>>  I suppose even in a strict mode one might offer a chance to users sitting in fron of UI tool to act upon wsp:ignorable 
>> assertions which caused an intersection failure as many wsp:ignorable assertions can be truly safe to ignore.
>>  One other minor concern is that we have now strict and lax modes, and wsp:ignorable. As far as I understand one of the main 
>> motivations behind the introducation of these two seperate modes is to be able to break during the intersection when 
>> wsp:ignorable assertions are encountered as described above. And we also have "you know what", I'm afraid to refer to it :-), 
>> wsp:optional. One should use wsp:optional to indicate assertions which require the requesters to optionally do something.
>>  But one can use in the anti-pattern way wsp:optional to mark the assertions to achieve the ignorability in both strict and lax 
>> modes and hence I'm concerned that may be a strict mode is something which is not always working as well as on how to present in 
>> a crystal-clear way that wsp:optional should not be used when wsp:ignorable is really needed and vice versa.
>>  Would it make sense to rename wsp:ignorable to wsp:informational ? Or at least to present wsp:ignorable as a marker to be used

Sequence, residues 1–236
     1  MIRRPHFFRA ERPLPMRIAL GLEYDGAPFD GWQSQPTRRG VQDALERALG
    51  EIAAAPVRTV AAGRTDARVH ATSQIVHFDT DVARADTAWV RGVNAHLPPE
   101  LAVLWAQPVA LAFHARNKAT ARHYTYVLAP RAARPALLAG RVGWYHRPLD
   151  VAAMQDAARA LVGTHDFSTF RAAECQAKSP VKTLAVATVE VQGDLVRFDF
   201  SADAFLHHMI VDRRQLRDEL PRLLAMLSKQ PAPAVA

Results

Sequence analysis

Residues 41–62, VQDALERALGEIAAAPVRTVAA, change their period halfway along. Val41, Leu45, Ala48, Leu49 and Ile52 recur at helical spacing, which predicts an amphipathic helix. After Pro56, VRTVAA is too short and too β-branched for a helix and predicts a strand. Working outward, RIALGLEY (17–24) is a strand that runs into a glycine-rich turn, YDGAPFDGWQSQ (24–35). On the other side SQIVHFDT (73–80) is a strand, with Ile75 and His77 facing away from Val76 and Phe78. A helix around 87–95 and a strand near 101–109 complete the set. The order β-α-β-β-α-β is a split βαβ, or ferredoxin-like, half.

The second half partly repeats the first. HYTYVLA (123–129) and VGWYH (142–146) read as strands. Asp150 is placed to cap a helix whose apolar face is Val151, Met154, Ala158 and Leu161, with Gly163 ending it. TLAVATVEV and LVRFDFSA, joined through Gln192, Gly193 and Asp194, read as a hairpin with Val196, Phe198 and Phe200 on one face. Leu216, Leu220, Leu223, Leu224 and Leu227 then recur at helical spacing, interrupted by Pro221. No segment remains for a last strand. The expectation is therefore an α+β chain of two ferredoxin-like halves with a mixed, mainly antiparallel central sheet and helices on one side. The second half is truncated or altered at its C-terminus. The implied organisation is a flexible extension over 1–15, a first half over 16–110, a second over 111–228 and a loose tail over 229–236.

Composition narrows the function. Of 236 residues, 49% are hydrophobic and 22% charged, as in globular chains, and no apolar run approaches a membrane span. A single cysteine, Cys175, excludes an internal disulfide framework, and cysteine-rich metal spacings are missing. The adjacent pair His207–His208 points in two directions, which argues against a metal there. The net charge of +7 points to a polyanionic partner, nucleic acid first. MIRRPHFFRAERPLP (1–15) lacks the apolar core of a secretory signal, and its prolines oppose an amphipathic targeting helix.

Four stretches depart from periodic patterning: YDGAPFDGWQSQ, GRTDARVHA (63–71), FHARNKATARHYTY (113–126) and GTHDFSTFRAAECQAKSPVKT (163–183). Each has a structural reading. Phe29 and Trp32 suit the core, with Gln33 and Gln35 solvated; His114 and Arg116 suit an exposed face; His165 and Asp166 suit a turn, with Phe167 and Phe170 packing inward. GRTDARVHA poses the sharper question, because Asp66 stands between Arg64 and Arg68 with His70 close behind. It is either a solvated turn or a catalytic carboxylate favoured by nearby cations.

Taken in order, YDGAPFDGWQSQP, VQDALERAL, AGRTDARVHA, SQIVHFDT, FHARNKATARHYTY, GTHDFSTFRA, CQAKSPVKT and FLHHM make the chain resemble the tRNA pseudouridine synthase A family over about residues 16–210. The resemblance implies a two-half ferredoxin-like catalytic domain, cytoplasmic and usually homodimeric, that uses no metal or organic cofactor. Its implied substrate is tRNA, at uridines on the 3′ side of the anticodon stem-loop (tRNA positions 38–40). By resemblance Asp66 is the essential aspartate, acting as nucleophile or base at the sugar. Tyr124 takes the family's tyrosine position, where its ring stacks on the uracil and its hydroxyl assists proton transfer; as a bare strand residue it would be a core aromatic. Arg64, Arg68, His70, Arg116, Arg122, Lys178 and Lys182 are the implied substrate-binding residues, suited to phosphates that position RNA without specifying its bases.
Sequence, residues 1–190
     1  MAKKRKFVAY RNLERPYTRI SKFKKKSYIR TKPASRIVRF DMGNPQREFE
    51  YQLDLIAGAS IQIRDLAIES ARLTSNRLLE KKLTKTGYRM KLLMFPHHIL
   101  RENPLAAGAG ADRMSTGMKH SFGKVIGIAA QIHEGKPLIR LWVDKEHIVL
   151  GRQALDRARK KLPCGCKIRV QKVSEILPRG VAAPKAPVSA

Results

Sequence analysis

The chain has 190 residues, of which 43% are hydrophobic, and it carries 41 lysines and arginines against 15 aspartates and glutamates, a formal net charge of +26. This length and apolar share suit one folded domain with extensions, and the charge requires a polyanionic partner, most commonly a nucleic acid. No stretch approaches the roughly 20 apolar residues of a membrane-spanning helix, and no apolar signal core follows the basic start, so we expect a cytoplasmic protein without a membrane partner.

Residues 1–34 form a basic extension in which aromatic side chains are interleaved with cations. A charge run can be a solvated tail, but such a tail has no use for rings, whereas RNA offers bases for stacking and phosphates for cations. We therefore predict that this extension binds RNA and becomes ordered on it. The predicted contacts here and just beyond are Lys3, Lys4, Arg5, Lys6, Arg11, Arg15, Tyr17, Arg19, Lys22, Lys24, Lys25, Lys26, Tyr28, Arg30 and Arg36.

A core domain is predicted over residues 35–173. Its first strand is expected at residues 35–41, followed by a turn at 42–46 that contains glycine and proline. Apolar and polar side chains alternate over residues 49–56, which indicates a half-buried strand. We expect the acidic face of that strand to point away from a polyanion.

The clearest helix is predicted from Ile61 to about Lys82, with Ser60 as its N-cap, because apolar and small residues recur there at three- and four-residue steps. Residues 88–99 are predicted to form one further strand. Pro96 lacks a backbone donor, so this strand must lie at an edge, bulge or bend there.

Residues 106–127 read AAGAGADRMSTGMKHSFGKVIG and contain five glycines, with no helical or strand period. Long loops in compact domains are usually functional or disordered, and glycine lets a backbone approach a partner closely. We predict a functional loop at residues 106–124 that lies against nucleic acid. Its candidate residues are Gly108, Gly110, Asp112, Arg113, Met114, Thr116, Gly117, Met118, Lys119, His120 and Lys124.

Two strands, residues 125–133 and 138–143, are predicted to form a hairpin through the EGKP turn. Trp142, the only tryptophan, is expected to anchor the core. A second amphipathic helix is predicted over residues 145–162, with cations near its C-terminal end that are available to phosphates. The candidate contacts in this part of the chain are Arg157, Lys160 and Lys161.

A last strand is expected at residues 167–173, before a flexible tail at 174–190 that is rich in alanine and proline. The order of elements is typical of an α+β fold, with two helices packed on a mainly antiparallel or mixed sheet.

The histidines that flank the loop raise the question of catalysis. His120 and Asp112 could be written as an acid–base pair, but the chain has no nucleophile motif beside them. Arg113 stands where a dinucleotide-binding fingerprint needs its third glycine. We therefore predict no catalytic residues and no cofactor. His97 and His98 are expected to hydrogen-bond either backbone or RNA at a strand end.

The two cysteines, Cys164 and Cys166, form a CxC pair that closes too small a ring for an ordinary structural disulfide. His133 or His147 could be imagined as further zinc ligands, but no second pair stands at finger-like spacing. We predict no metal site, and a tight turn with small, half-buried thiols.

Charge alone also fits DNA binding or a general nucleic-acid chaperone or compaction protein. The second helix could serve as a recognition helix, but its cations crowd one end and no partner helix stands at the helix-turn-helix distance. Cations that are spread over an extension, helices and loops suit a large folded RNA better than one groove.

>> for informational assertions only. Will it clarify better what wsp:ignorable assertions are all about ? Is it what Tom suggesting 
>> ?
>>  For ex, in our case, we have iona:highlyAvailable assertions with no wire manifestations which unaware requesteres can ignore 
>> but those who undertand it would need to do something about it in the client runtime. This assertion should be marked as 
>> wsp:optional as confirmed by Asir in his reply to my earlier message.
>> All other assertions with no behavioral requirements on the requesters which can be ignored at the intersection should be marked 
>> as wsp:ignorable/wsp:informational
>>  Cheers, Sergey
>>
>>     ----- Original Message -----
>>     *From:* Anthony Nadalin <mailto:drsecure@us.ibm.com>
>>     *To:* Sergey Beryozkin <mailto:sergey.beryozkin@iona.com>
>>     *Cc:* Ashok Malhotra <mailto:ashok.malhotra@oracle.com> ;
>>     public-ws-policy@w3.org <mailto:public-ws-policy@w3.org> ;
>>     public-ws-policy-request@w3.org
>>     <mailto:public-ws-policy-request@w3.org>
>>     *Sent:* Monday, January 08, 2007 7:27 PM
>>     *Subject:* Re: NEW ISSUE 4130: Ignorable assertions must be ignored
>>
>>     So with Lax and Strict what is the usecase for ignorable ? as with
>>     Lax you can make the choice to ignore the fact there is not an
>>     intersection
>>
>>     Anthony Nadalin | Work 512.838.0085 | Cell 512.289.4122
>>     Inactive hide details for "Sergey Beryozkin"
>>     <sergey.beryozkin@iona.com>"Sergey Beryozkin"
>>     <sergey.beryozkin@iona.com <mailto:sergey.beryozkin@iona.com>>
>>
>>
>>                             *"Sergey Beryozkin"
>>                             <sergey.beryozkin@iona.com
>>                             <mailto:sergey.beryozkin@iona.com>>*
>>                             Sent by: public-ws-policy-request@w3.org
>>                             <mailto:public-ws-policy-request@w3.org>
>>
>>                             01/08/2007 12:35 PM
>>
>>
>>     To
>>     "Ashok Malhotra" <ashok.malhotra@oracle.com
>>     <mailto:ashok.malhotra@oracle.com>>, <public-ws-policy@w3.org
>>     <mailto:public-ws-policy@w3.org>>
>>
>>     cc
>>
>>     Subject